At Tandem, we take a very different view. We will never invest your money simply for the sake of being invested. Your money is not invested in “the market”. Much like the real estate analogy, we try to identify those businesses (instead of properties) that meet our criteria at prices we think are reasonable to pay. We are not attempting to replicate “the market”. We are attempting to make sound investments, one at a time, on your behalf.

Unlike with real estate, we can sell some of what we own in a company without having to sell all of it. So when a company we own is trading at a price we think is unreasonably and unsustainably high, we take advantage of this gift and sell a piece of our holding, not all of it. Recall in the real estate portfolio someone offered 3 times what we paid for a property, so the property was sold. In your Tandem portfolio, we can use the same philosophy, yet still own that company, just in a smaller amount.

We do not liquidate overvalued companies, but we do reduce our exposure to the risk of an overpriced security. And we do this not because we have another company to buy, or because we have a negative view of the market and want to hold more cash. We do this because it was the right thing to do for a particular company at a particular price.

If a particular company ceases to meet our criteria, we will sell all of our holdings in that company. Whether we have something else to buy is not part of the decision-making process. We sell the company because it is the right thing to do, and we will redeploy the cash when opportunities present themselves, but not before.

When real estate prices rise unrelentingly, most would-be buyers rightly become skeptical. However, when stock prices rise unrelentingly, most want to participate more. If you doubt this, please check the data. Purchases of mutual funds and ETFs historically are greatest at or near market tops. Conversely, sales of mutual funds and ETFs are greatest at or near market bottoms. But in real estate this would be called a buyer’s market!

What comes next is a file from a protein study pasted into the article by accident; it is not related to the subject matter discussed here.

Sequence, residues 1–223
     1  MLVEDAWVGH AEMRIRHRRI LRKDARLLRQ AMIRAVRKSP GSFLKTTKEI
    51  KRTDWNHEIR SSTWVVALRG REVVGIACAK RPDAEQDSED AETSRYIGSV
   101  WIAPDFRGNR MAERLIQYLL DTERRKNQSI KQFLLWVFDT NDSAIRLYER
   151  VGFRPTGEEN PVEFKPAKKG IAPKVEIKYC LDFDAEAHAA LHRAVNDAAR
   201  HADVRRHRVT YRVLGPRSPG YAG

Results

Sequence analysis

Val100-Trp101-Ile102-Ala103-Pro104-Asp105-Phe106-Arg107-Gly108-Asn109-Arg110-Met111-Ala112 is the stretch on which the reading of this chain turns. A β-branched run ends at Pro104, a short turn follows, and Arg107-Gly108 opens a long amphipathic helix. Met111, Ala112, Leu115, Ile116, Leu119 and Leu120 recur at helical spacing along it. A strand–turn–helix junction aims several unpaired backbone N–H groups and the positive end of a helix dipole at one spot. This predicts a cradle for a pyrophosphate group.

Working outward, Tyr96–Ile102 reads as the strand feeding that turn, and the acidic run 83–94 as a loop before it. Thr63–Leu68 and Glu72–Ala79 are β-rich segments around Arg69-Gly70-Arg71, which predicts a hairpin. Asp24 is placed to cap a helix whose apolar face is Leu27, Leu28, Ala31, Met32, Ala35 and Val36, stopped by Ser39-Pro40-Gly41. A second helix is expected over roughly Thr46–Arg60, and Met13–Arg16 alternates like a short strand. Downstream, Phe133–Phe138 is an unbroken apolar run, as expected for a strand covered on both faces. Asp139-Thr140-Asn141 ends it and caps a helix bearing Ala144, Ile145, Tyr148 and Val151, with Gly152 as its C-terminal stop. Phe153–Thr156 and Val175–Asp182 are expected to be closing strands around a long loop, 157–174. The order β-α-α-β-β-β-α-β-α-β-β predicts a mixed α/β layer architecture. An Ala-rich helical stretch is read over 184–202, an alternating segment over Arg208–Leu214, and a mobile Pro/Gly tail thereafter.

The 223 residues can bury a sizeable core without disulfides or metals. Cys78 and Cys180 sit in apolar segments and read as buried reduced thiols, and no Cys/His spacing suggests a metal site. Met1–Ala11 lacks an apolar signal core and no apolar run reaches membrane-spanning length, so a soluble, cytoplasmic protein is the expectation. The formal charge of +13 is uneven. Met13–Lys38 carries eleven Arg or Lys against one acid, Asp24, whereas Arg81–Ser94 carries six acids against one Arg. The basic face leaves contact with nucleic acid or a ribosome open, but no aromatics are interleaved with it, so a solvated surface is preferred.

Why do so many perceive less risk when stock prices are higher and greater risk as prices fall? I can’t say. But at Tandem, we believe that lower prices and higher prices both present opportunities.

Lower prices, in our view, make for more compelling investments than do higher prices. Higher prices are often gifts to be taken advantage of by selling a partial stake, while lower prices are a chance to put that money back to work. This is how to buy low and sell high. Too often investors actually do the reverse – buy when prices are high and sell when prices are low.

Most investors tend to be trend aware. They try to identify the next big thing, or jump into whatever seems to be working now. But eventually trends reverse, and the investor must know when to move on.

Tandem prefers to try to be opportunistic when the market misprices companies. We call this mean-reversion investing. Mean-reversion is about math, not anticipation or guesswork. Rather than hoping to identify the next trend, we rely upon a simple statistical concept based on the notion that most of the time, stocks are fairly valued. And whenever they are not, there is a very high statistical probability that they will revert back to fair value eventually.


Disclaimer: Tandem Investment Advisors, Inc. is an SEC registered investment advisor.

This audio/writing is for informational purposes only and shall not constitute or be considered financial, tax or investment advice, or an offer to sell, or a solicitation of an offer to buy any product, service, or security. Tandem Investment Advisors, Inc. does not represent that the securities, products, or services discussed on this podcast are suitable for any particular investor. Indices are unmanaged and not available for direct investment. Please consult your financial advisor before making any investment decisions. Past performance is no guarantee of future results. All past portfolio purchases and sales are available upon request.